What the Band Knows: How’s Your Place Sound?

A trio version of the KM4 recently did a fundraiser with a "Beatnik" Theme - hence the funny hats.

A trio version of the KM4 recently did a fundraiser with a “Beatnik” Theme – hence the funny hats.

There are a lot of factors that go into a band sounding great versus merely good. For a band like ours, playing a lot of classier weddings and nicer corporate events, most are intangibles – how the individual members are feeling that day, whether or not they got sprinkled with Miles Davis Magic Fairy Dust, etc. One thing that is very tangible is acoustics. Sometimes a room becomes that extra musician, singing right back at the players, and it is inspiring. A trio version of the band (with a special guest, percussionist Martin Weir, aka “Dr. Drum”) played an unassuming little rec room that was part of a church, and man, it was an absolute sonic joy. We could hear ourselves, the room acoustics garnished us with a nice dressing of reverb, and the audience would not shut up about how great we sounded (not that we would discourage that kind of thing anyway …).

Is the room you're looking at holding your event "great sounding"?

Is the room you’re looking at holding your event “great sounding”?

But in the last six months we also played two other places that were wonderful in every way – great staff, great clients, etc. Alas the rooms weren’t conducive to a great audio experience, and where we were told to set up exasperated the situation. One place – absolutely wonderful, but with the word “windows” in its name – is infamous with musicians as a challenging environment. Huge room, tall ceilings, handsome brick walls, deep beautiful wood floors … and previously referenced windows. Lots and Lots of them. The floor sucks up the low end and the glass reflects everything else, slapping everyone in the process. Now if we had been consulted, we would have pointed out that playing in the corner out would have been a great option. But typically when we play there we’re told to play in the middle. Any band or DJ would struggle there.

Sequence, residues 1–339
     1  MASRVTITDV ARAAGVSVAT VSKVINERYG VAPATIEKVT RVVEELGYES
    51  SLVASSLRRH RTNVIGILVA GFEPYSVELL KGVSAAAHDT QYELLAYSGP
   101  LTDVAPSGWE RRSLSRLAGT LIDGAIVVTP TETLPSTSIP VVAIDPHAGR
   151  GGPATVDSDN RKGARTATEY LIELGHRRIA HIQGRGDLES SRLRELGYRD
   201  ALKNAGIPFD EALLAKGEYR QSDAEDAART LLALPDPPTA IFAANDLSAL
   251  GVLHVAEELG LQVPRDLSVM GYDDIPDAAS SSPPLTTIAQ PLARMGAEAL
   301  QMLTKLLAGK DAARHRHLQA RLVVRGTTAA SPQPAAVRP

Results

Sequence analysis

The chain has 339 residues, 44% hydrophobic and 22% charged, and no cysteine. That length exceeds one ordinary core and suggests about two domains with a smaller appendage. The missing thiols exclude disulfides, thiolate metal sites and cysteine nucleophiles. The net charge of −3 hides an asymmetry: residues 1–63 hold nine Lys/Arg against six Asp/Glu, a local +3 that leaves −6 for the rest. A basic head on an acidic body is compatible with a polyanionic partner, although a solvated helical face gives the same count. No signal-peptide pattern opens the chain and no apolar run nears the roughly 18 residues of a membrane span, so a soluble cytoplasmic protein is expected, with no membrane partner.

Related, we were called back to a new hip place in town to play a wedding right after we did a corporate holiday party. This big ballroom was wonderful to play, and the first time we played there we got a nice stage on one of the sides in the middle playing out to the crowd. The stage allowed us to move the speakers higher so the sound could carry further without blasting those seated closer. Alas the second time we played, they stuck us in the corner of the table-filled room. I pointed out that there was a perfect spot in the center back, explaining my reasoning, but alas the event planner was not interested in what seemed to him like the nuanced world of acoustics. So we set up in the corner, but in order not to blast those sitting near us, we played at a volume where more then half the room could not hear us.

No Playing on Stage

Where ever we “play” we always sound good –

So when you’re planning your wedding or event, ask the hall manager about where bands usually play followed by a question about the acoustics of the room, how it sounds. Then, run it by the band or DJ you hire. Show them the diagram of the room, and get their input. After all, since you have the good taste to hire a great live band, your guest may as well be able to hear them!

(Part of the reason I’m so adamant on this topic is my day gig is a writer, and one of the magazines I’ve been senior writer for since 2002 is a pro audio magazine, FOH.)

To be clear a good band with quality pro equipment can work in any environment, and we do. But with a couple of extra queries and a conversation on the topic with your musical act, you can get that musical magic you so richly deserve!

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